Watch Rashema Melson’s inspirational story that will make you believe in ‘dreams come true.
Video Credit: GeoBeats News
A 23-year-old student who struggled a lot in her life as she lived on the streets and in shelters to be the first in her family to graduate from college on Saturday.
Rashema Melson’s life and upbringing were extremely challenging, but, despite all the problems she faced when she attended three different high schools, she succeeded to become the valedictorian at Anacostia High School in Washington, D.C. and earned a full scholarship to Georgetown University, according to ABC News.
“My life has always been rough,” Melson, who will receive her bachelor’s degree in justice and peace studies, told the news outlet. “Homeless or not, in the southeast, it’s rough regardless. The circumstances are just rough due to the fact that we don’t have the tools or resources as everyone else.”
She added: “People really emphasize a lot on the homelessness because that’s what grabbed their attention, but there’s a lot that I don’t share.”
Melson recalls her hard days of not having hot water, eating food out of a can because she couldn’t afford plates, she was not able to maintain friendships because of how often she and her family had to pick up and move.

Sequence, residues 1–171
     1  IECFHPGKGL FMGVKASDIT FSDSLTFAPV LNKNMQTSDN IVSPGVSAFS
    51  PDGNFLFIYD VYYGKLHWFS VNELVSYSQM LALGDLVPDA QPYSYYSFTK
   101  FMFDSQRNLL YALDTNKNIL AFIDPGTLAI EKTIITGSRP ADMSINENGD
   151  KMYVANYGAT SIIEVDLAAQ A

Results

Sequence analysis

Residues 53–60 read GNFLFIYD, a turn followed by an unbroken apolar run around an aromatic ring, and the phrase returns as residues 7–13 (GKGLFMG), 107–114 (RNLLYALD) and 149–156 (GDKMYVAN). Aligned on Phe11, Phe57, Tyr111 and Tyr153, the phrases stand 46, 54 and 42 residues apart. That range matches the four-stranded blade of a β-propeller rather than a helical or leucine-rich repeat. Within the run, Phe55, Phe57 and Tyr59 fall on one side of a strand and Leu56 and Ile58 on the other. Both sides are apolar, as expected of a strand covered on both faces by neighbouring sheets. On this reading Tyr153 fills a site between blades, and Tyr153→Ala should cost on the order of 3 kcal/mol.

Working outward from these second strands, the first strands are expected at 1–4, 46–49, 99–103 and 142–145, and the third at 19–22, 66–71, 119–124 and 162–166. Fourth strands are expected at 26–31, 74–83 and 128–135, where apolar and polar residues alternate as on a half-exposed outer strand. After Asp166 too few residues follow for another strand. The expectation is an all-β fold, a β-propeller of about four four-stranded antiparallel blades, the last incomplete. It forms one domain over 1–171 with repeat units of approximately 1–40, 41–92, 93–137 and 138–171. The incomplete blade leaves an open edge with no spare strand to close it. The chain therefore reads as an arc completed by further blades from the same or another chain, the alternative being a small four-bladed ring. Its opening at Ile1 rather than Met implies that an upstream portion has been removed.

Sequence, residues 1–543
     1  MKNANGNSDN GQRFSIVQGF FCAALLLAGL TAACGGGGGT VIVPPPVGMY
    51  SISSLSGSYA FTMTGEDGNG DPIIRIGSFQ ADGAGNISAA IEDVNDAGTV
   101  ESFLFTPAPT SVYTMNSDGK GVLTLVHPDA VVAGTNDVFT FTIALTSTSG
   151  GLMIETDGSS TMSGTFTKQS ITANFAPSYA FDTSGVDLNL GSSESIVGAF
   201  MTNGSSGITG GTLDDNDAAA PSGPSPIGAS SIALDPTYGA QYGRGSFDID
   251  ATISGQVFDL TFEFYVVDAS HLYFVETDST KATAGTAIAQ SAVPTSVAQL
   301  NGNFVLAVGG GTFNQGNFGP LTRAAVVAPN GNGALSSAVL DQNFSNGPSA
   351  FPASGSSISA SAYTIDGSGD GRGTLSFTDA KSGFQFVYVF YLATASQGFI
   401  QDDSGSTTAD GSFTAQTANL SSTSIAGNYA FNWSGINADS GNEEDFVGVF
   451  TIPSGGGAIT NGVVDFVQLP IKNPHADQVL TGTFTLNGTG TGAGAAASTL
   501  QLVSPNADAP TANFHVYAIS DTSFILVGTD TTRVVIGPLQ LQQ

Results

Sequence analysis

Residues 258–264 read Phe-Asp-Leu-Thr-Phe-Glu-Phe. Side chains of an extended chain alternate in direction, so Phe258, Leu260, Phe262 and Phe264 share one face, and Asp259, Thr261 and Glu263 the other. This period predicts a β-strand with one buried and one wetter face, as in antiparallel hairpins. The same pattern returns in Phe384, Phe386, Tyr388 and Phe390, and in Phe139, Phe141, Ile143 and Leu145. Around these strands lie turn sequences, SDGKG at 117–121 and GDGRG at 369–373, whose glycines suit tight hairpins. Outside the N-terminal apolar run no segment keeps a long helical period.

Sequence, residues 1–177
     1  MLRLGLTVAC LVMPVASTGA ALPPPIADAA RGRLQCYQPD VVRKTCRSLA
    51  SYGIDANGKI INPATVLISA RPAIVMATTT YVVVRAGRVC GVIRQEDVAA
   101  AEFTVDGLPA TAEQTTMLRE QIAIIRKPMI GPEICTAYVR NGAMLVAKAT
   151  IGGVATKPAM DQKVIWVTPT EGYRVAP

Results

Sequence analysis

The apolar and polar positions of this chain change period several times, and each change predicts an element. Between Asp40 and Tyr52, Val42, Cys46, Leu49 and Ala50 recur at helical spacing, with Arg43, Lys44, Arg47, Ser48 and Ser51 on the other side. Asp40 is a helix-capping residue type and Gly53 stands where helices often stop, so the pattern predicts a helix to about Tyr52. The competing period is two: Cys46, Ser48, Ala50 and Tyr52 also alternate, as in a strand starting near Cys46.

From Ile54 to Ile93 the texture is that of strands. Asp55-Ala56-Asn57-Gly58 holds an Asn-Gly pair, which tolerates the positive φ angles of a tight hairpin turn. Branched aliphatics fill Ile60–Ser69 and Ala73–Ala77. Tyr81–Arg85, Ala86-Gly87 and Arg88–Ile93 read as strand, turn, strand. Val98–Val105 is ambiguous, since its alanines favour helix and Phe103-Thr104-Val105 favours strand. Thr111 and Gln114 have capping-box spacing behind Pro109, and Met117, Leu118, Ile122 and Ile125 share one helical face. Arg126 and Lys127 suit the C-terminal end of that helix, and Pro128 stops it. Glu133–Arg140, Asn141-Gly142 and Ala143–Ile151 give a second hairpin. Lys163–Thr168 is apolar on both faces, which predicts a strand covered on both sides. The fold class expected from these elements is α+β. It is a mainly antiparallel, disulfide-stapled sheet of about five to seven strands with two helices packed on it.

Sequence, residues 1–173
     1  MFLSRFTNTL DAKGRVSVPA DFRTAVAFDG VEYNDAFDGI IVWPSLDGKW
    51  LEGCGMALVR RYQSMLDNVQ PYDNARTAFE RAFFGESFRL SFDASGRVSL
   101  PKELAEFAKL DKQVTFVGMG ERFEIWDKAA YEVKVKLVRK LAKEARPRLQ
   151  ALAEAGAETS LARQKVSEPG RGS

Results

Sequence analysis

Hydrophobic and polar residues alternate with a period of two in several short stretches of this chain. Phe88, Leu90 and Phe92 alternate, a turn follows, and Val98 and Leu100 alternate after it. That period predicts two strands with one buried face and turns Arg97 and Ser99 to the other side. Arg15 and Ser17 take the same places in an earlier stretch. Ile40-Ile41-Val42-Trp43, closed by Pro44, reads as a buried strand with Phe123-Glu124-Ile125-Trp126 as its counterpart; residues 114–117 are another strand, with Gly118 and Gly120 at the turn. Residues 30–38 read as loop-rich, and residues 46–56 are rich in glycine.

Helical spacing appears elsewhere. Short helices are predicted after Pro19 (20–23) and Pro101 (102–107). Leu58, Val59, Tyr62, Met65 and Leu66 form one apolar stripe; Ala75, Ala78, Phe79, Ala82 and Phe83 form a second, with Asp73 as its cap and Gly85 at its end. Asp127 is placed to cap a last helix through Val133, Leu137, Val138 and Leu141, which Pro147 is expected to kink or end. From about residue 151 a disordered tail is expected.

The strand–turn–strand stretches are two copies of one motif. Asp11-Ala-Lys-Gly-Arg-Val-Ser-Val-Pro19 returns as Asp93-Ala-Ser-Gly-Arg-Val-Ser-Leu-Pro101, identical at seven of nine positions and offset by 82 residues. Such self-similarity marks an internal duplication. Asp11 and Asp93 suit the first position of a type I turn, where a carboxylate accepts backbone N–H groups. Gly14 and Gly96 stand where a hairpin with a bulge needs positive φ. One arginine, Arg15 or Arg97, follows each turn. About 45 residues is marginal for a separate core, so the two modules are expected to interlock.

“It was four of us in a little room, a little smaller than a dorm room that I actually live in now,” Melson told WUSA. “We’ve lived in an abandoned home before, which was way worse, so I appreciate the shelter because it was, you know, a place to live for the moment.”
Concentration on education, movies, and reading helped Melson to focus on her goal and see, her future, she told ABC.
“Reading books gave me an insight into a world that I have never ever seen in my life,” she said.
“People really get rich and buy a house? Do people really get their dream jobs? It was like a fantasy land to me.”
Her friend Wesley Bowers, 19, told the news outlet that Melson’s story has motivated him.
“She doesn’t ask anyone for anything, she doesn’t ask for much, but she is always the first person to give,” he said. “She is just a very caring person and a good friend, so finding out her story made her even better in my eyes in a sense.”
“I am extremely lucky to have a friend like her. I tell her that all the time,” he added. “I know that if anything happens to me or my family, she will drop whatever she is doing. She always puts other people first.”
When Melson walking across the stage and graduating she thinks, “It’s an unbelievable feeling, actually,” she told WUSA. “I knew that education was the only way out. I knew like I need to get my work done.”
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